CAIRO — Egyptian security forces and protesters clashed for a second successive day in central Cairo on Wednesday in scenes not seen since the uprising that toppled Hosni Mubarak in February.
Riot police were deployed around the Interior Ministry and were using tear gas to keep the protesters at bay. The demonstrators were responding with rocks and firebombs. The clashes left streets littered with rocks and debris and sent a cloud of tear gas over the area.
So far, Wednesday's violence was on a much smaller scale than the clashes the previous evening, when some 5,000 protesters battled the police for hours overnight.
Dozens of protesters and policemen were injured in the clashes Tuesday and Wednesday, but there were no exact figures immediately available. Ambulances were ferrying the wounded to hospitals and volunteer doctors and nurses were treating others on sidewalks.
Many of the protesters are believed to be relatives of some 850 people killed during the uprising that ousted the former president, and are frustrated over what they perceive as the slow pace of prosecution of police officers believed to be responsible for the deaths.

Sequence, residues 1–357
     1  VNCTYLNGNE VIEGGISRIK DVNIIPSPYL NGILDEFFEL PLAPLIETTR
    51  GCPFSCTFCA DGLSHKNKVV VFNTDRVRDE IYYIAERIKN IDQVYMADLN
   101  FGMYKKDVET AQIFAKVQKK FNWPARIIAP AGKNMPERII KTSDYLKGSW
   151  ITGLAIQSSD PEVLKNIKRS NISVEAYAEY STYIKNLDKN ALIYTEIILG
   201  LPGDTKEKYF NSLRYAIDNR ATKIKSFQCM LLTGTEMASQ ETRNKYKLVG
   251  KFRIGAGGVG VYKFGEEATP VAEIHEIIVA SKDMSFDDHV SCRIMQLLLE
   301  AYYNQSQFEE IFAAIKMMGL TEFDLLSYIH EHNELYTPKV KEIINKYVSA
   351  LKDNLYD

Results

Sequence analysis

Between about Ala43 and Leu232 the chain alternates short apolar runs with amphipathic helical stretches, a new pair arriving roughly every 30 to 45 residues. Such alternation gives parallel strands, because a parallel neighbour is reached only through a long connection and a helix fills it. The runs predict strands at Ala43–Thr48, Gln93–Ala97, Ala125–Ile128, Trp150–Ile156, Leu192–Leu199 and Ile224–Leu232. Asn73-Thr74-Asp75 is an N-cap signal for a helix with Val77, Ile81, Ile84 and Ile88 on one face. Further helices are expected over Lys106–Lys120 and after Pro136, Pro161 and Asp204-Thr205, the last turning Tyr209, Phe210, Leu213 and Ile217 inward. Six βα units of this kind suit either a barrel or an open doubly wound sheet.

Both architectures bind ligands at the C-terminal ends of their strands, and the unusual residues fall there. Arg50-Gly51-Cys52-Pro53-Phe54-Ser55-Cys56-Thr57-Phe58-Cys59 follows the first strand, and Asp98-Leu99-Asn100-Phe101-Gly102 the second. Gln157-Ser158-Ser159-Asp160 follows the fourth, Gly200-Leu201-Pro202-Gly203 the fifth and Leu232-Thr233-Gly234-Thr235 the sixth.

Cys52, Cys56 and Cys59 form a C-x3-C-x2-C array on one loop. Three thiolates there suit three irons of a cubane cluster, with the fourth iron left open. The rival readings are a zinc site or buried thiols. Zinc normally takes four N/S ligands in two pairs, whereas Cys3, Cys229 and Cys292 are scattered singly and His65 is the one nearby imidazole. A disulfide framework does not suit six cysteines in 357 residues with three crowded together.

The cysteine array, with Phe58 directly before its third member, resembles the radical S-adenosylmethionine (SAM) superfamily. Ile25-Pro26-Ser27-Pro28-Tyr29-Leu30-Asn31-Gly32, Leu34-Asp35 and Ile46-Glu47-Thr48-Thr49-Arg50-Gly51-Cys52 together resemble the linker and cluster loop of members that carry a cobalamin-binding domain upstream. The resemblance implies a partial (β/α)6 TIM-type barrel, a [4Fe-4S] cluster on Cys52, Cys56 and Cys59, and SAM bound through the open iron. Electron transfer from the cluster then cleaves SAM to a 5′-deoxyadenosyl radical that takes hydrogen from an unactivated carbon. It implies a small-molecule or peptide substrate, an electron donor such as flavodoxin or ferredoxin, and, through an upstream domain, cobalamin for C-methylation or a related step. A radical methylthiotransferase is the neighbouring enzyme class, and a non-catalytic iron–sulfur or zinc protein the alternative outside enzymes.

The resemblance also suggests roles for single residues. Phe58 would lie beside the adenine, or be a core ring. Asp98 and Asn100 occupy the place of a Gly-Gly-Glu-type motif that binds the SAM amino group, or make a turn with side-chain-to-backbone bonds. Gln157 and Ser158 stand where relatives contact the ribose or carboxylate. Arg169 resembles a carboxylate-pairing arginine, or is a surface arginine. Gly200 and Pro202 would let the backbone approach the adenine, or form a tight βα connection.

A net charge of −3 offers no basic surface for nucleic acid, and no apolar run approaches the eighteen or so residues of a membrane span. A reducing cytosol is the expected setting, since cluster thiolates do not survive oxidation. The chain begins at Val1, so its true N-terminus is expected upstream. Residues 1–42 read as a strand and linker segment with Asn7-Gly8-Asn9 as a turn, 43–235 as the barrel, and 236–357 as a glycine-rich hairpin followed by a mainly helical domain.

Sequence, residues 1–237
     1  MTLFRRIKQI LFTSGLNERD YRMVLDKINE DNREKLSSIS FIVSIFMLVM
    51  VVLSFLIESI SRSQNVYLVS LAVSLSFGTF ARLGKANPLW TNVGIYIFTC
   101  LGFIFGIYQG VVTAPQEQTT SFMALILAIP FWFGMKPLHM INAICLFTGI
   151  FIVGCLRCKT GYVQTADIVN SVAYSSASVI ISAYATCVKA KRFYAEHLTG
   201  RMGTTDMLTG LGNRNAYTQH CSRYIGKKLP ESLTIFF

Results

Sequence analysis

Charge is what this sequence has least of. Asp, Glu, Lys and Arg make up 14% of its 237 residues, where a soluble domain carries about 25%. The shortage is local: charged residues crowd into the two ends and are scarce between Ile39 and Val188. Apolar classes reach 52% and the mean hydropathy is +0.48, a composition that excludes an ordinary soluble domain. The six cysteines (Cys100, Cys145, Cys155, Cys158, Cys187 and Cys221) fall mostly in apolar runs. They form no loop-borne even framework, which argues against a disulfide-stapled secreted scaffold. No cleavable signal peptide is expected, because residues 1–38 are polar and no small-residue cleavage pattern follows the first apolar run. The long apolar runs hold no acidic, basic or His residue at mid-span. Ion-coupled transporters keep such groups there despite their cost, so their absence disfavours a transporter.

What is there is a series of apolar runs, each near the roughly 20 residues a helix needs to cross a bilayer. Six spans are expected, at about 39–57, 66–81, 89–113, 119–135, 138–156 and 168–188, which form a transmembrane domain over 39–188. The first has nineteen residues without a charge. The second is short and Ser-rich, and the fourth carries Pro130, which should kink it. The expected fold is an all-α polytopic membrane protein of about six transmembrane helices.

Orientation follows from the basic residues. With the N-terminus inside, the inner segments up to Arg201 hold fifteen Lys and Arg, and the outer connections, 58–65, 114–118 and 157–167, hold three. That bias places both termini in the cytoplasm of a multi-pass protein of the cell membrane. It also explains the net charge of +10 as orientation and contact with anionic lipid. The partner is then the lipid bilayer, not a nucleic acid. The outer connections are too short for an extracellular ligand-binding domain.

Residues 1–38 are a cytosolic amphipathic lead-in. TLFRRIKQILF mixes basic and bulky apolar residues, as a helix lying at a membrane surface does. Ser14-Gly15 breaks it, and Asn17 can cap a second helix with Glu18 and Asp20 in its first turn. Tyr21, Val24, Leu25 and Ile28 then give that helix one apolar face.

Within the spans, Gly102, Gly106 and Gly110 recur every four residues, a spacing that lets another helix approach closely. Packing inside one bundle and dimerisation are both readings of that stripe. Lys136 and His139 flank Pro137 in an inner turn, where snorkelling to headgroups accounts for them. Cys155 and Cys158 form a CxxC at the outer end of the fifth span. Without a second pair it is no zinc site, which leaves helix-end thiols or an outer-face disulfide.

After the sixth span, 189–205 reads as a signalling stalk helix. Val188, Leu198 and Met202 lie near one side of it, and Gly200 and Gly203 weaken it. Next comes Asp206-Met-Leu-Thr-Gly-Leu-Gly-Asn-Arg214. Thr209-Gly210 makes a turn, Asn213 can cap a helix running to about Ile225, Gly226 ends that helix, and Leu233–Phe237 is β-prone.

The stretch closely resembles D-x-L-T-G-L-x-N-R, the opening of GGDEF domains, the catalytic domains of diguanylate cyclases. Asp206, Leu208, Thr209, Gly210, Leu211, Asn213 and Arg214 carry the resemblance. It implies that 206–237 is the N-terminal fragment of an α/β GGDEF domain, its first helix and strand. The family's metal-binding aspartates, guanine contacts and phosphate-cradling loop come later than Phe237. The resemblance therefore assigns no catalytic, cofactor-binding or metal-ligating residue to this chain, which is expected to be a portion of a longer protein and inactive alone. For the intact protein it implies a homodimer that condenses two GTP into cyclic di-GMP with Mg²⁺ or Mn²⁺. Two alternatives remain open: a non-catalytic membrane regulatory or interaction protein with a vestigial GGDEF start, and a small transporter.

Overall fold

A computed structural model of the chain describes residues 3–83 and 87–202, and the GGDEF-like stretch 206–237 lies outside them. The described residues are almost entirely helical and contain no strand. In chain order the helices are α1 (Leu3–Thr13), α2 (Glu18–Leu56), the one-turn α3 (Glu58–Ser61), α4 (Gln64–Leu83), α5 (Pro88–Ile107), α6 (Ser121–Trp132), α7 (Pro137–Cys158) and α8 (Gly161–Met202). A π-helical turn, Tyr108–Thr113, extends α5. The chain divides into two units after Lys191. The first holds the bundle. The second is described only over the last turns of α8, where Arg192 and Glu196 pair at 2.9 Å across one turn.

Tuesday's clashes began at Tahrir square, epicenter of the Jan. 25-Feb. 11 uprising, but later moved to streets leading to the nearby Interior Ministry when authorities ordered the riot police to pull back from the vast plaza. Tahrir square was closed to traffic on Wednesday.
The military, which has taken over from Mubarak, issued a statement on its Facebook page saying the clashes were designed to "destabilize the country" and drive a wedge between the groups behind the uprising and the security forces. It called on Egyptians not to join the protests.
A key youth group, April 6, described the police's handling of the protests as "brutal" and called in a statement for a sit-in in central Cairo to protest what it said was the failure to implement many of the revolution's demands and also to show solidarity with the families of the uprising's victims.